Barren Streets, Baffled Tourists

At precisely 20 minutes past noon, a 30-gun salute echoed down narrow Nikitskaya Ulitsa in central Moscow. Few seemed to notice. A teenager with bright blond hair used the booms as a sly pretext to wrap his girlfriend in a bear hug.

Cloistered within the Kremlin walls, the carefully orchestrated ascension of Dmitry Medvedev had reached its apogee. Although you wouldn't have known it from the barren streets of central Moscow, Russia had a new president.

There was no cheering or flag-waving to commemorate the historic handover of power that occurred Wednesday. Police barricades blocked pedestrian access to Medvedev's motorcade from every possible angle as it sped along Kremlyovskaya Naberezhnaya toward the Kremlin.

The surrounding area was locked down tight, and the normally teeming streets of central Moscow had the eerie calm of a ghost town.

Despite the bitter cold and restricted access, spirits were high among a handful of Kremlin supporters who came to show their support.

Oksana Muravetskaya, 23, mingled with a group of police officers standing by a barricade on nearby Ulitsa Ilyinka. Bundled against the cold in a bright red coat, she described herself as a commissar in Nashi, the largest pro-Kremlin youth movement.

"The inauguration is a very festive occasion, and that's the way it should be," she said. "I think that every president should stand in front of the people properly and swear to uphold the Constitution."

On nearby Mokhovaya Ulitsa, loudspeakers dressed played Soviet-era marshal music to a near-empty square. The wide lanes, normally choked with traffic at midday, created an eerie echo chamber for the solemn tunes.

Standing alone on a windy street corner, Sergei Asanov, 21, echoed Muravetskaya's enthusiasm. He came into the center from the suburbs to see the inauguration, he said, but hadn't caught sight of the motorcade and feared that it was already too late.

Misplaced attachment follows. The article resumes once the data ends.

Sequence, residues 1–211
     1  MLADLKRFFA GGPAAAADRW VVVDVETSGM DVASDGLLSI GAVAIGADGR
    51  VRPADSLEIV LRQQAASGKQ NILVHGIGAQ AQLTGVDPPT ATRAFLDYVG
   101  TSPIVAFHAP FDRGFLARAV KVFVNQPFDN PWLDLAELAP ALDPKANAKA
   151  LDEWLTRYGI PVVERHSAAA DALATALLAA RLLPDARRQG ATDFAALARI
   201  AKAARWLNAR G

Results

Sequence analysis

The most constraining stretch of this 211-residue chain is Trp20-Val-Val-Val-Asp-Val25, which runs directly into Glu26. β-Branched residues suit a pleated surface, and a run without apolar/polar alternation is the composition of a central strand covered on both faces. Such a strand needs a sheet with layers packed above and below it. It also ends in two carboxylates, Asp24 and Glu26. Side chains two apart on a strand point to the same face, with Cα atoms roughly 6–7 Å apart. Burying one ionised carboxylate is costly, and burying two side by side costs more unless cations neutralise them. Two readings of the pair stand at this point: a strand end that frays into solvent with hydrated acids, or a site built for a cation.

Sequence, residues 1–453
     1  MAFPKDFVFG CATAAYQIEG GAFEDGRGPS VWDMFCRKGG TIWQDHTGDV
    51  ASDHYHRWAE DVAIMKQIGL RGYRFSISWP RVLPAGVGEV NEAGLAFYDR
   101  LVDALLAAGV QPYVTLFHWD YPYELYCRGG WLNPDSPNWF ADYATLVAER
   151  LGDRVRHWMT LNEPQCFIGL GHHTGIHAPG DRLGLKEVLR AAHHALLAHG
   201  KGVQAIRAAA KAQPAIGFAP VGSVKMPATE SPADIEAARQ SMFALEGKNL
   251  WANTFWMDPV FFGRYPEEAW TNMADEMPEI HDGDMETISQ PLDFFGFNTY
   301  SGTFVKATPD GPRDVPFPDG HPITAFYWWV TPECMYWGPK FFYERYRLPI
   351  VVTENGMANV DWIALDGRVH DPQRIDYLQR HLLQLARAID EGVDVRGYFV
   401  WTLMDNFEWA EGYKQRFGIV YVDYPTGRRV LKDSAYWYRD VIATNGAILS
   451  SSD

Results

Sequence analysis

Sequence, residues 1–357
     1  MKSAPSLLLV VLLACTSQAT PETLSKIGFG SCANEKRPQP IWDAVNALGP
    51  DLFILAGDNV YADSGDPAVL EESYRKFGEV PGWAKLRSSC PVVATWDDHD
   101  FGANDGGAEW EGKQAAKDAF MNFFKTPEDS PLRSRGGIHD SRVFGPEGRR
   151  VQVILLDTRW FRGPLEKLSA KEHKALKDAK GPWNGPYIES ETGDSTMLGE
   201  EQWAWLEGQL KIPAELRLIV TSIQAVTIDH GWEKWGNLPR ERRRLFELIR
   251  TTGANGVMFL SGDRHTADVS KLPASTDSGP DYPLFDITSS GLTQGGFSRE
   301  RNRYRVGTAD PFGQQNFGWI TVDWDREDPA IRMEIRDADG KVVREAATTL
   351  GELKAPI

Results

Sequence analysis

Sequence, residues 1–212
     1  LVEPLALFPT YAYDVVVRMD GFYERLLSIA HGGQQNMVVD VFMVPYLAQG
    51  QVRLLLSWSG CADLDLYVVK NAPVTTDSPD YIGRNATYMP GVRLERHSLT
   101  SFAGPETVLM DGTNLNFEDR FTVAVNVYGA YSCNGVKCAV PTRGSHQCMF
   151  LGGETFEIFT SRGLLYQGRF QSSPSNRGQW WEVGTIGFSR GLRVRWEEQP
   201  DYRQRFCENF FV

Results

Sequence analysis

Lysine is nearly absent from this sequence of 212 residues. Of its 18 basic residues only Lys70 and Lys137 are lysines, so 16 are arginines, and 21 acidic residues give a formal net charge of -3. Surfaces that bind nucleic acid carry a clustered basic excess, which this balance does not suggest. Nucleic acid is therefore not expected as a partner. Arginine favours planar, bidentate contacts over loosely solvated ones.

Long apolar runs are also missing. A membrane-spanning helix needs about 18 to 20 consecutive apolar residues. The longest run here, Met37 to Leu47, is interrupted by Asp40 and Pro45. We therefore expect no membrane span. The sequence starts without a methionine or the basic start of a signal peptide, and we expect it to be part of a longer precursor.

"I'm interested because what's happening here today is very important for our country," he said. "But I'm just so miserable that I can't go in and watch."

As the handpicked successor of the popular President Vladimir Putin, Medvedev comes into power enjoying a widespread support that might not have been evident on the street.

A recent public survey by the independent Levada Center indicated that 47 percent of Russians believe Medvedev should be the sole holder of power after his electoral victory. Twenty-seven percent said power should be split with Putin.

Medvedev's fans on the empty streets echoed the findings of the survey.

"If he continues the path chosen by Putin, I think that things can only get better," Muravetskaya said.

Despite the largely positive reception, there were some who were voiced their unhappiness with the scene on Red Square, albeit quietly.

A 21-year-old journalist from a local radio station expressed disgust with the political transition process. She asked that her name not be published because she feared retribution for voicing her political views.

"I didn't vote. What should I have voted for? It seemed absolutely pointless to me, since we all knew who was going to win anyway," she said.

While Medvedev might enjoy substantial popularity with supporters like Muravetskaya, he wasn't winning any points with dozens of bewildered tourists who found themselves locked out of some of Moscow's most popular sites on Wednesday.

The flow of customers inside the cavernous GUM shopping center off Red Square, a tourist staple, was slowed to a mere trickle. Even the subterranean Okhotny Ryad shopping center, a citadel of Moscow consumerism, was closed.

Mario Villalovias, 31, had no idea why the boyish-faced police officer was turning him away outside the Okhotny Ryad metro station. A professor of philosophy in his native Chile, he speaks no Russian. After a quick translation, his shoulders sank.

"It's closed! Oh my God! It's very bad luck," he said. "I guess I'll have to save the rest for next time."

Austrian Michael Toetel, 27, seethed with frustration that police manning the barricades couldn't tell him and his girlfriend why they were being barred from entering Red Square and expressed surprise when informed about the inauguration and the Victory Day parade on Friday.

"Of course, when you come to Moscow you want to see Red Square," he said. "You ask for help and everyone just shrugs their shoulders."